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Sarah at Christmas

Sarah at Christmas

Tuesday, November 19, 2013

Thanksgiving Decorating Tips




 
Have you ever wished Thanksgiving and Christmas didn’t fall near each other on the calendar?  The proximity makes it difficult to decorate for each one.

Why not put up a Thanksgiving tree?  A few days after the guests leave and you recuperate from the crowd, convert the tree to Christmas.

The tree above was simple to do.  Garlands of fall leaves don’t require much time, and placing scarecrows among the branches add to the charm.  Anything works. 

Before I became a published author with my Sarah series, I worked as an interior designer/decorator. I will always remember a certain client. Her home was quite beautiful, but she’d decided her living and dining area needed a bit of tweaking, so she hired me as a consultant.

Her hobby was decorating for each holiday.  She kept two huge trees up all year long—one in the living area and one in the master bedroom.

When a new holiday came around, she changed the decorations.  Think of all the monthly occasions.  In January, her tree looked like a miniature winter wonderland.  February—it was hearts everywhere. From the reds and pinks of February, came the greens of March and Saint Patrick’s Day. In April, she decorated the trees with spring time flowers.  May and June—Mother’s Day and Father’s Day.  She had all kinds of babies and children ornaments and included pictures of her own family among the limbs.  In July, it was time for flags and anything red, white, and blue. August and September, her trees possessed all things summer—picnic tables, watermelons, boats. October, the trees took on Halloween. In November, fall and Thanksgiving appeared, and December, she brought out the reds and greens of Christmas.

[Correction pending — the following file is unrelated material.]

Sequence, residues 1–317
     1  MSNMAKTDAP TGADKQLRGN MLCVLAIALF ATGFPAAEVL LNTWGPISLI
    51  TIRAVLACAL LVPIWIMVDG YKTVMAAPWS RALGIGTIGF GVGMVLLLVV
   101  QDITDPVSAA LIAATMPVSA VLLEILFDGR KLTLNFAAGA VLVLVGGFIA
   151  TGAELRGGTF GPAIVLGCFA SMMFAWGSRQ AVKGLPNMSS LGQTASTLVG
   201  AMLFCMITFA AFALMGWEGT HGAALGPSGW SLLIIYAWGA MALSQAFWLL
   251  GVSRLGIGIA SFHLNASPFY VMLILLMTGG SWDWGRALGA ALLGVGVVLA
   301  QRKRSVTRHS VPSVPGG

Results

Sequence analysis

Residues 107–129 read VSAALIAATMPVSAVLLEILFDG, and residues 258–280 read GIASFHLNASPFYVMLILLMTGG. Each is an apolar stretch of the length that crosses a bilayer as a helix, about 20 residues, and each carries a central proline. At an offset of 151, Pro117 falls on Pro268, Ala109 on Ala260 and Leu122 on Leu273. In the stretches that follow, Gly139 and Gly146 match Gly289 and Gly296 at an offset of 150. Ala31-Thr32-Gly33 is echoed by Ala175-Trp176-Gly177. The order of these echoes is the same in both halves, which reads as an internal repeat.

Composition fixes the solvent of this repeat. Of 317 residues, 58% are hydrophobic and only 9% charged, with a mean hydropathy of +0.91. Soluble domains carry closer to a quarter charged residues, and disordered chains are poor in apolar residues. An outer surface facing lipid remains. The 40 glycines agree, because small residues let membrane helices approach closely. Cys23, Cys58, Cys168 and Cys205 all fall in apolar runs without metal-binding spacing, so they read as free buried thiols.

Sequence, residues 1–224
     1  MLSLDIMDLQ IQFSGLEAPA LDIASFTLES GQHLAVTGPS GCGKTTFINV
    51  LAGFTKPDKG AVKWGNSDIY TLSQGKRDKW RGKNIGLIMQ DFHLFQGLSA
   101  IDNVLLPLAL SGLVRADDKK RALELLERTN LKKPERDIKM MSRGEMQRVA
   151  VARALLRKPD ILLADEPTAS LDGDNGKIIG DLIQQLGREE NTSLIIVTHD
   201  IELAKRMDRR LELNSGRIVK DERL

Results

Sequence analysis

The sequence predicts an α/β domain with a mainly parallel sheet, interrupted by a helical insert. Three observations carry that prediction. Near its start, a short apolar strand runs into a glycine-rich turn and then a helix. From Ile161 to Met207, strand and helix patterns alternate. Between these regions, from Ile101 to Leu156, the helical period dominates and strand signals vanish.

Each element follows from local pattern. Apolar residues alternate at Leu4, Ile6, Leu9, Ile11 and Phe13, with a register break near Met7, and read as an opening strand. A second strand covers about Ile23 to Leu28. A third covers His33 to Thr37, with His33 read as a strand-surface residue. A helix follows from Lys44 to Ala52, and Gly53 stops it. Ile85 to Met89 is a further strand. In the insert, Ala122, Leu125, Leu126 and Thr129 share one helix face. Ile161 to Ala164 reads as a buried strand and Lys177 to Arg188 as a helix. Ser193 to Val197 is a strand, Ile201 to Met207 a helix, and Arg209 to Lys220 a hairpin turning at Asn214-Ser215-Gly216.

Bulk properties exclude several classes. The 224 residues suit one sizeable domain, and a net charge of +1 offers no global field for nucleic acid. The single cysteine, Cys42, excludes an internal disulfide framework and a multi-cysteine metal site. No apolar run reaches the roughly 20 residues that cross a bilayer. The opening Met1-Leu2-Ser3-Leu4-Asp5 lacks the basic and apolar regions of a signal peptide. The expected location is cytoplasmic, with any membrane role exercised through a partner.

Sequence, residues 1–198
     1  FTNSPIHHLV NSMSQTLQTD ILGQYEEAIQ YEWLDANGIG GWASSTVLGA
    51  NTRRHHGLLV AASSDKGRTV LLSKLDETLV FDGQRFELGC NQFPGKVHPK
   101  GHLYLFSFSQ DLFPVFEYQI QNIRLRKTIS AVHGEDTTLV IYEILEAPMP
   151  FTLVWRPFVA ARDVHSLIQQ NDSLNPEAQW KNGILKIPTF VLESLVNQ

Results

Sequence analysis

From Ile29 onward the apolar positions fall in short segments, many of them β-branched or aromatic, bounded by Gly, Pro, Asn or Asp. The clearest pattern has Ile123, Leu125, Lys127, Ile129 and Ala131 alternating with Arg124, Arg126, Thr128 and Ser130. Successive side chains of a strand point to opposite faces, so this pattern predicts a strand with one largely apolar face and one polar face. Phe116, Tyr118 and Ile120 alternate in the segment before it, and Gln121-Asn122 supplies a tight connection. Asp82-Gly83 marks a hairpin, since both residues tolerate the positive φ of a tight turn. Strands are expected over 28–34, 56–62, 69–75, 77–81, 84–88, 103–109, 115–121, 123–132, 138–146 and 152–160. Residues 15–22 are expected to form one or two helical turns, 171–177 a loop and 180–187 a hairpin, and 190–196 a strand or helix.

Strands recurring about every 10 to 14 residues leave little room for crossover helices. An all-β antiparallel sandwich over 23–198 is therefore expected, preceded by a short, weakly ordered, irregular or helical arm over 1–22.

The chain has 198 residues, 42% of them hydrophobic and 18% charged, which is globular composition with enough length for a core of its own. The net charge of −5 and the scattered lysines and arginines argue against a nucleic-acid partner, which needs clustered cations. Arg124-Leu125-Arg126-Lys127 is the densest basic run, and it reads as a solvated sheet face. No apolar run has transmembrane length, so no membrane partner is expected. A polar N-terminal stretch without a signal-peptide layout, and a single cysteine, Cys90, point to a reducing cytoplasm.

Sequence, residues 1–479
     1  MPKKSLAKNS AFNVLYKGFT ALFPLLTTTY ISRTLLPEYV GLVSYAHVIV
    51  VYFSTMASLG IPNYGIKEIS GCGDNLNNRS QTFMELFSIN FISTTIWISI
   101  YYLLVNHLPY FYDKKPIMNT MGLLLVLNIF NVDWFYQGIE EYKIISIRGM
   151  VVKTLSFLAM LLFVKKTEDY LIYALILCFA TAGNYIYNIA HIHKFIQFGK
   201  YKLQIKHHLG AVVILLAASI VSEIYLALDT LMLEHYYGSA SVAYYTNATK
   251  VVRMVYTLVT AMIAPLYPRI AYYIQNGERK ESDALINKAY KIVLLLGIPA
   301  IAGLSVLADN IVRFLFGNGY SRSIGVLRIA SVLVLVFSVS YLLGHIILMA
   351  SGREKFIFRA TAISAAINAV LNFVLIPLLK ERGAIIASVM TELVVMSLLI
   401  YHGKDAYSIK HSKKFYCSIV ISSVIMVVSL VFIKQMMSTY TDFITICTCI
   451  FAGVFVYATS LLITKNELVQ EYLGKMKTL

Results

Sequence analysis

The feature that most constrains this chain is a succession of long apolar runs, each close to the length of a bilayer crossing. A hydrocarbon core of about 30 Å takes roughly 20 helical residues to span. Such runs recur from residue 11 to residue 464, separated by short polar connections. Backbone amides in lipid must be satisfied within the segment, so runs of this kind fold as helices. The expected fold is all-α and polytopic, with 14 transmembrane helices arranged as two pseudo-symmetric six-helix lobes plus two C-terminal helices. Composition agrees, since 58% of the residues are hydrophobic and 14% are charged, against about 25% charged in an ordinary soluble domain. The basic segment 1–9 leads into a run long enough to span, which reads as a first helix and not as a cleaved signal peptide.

She ushered me into a room she’d converted to stockpile her bazillion decorations.  It resembled a store with aisles.  The lady could literally push a buggy up and down as she selected items for her trees. Not only did she place ornamentations on trees, they also went everywhere—fireplace mantle, dining table, occasional tables—anywhere there was a surface.

Her question to me was how best to show off these diverse decorations.  I suggested she remove wallpaper and replace it with a simple, neutral paint color.  I also suggested new indistinct furniture patterns.  The focal point would then be the adornments. Her color palate changed on a monthly basis with the holidays.

I don't keep a tree up through the year, but I enjoy it for Thanksgiving and Christmas. I also enjoyed my career as a designer.

 

In Sarah: Laney’s Angel, I wrote from personal experiences.  However, designer Laney did not work with individuals. She attempted to build her design firm by working solely for a Houston builder—a very handsome builder—and she wanted to deny his charismatic effect on her.  If she failed to deliver floor plans on the agreed contractual basis, her job would end. When Cannon Carlson decided to pursue Laney and mix business with pleasure, Laney’s angst grew by leaps and bounds.

Sarah: Laney’s Angel is the second book in the Sarah series.  Sarah: A Mission of Love is the first, and the third one, Sarah and the Widow’s Mate arrives in time for Christmas 2013.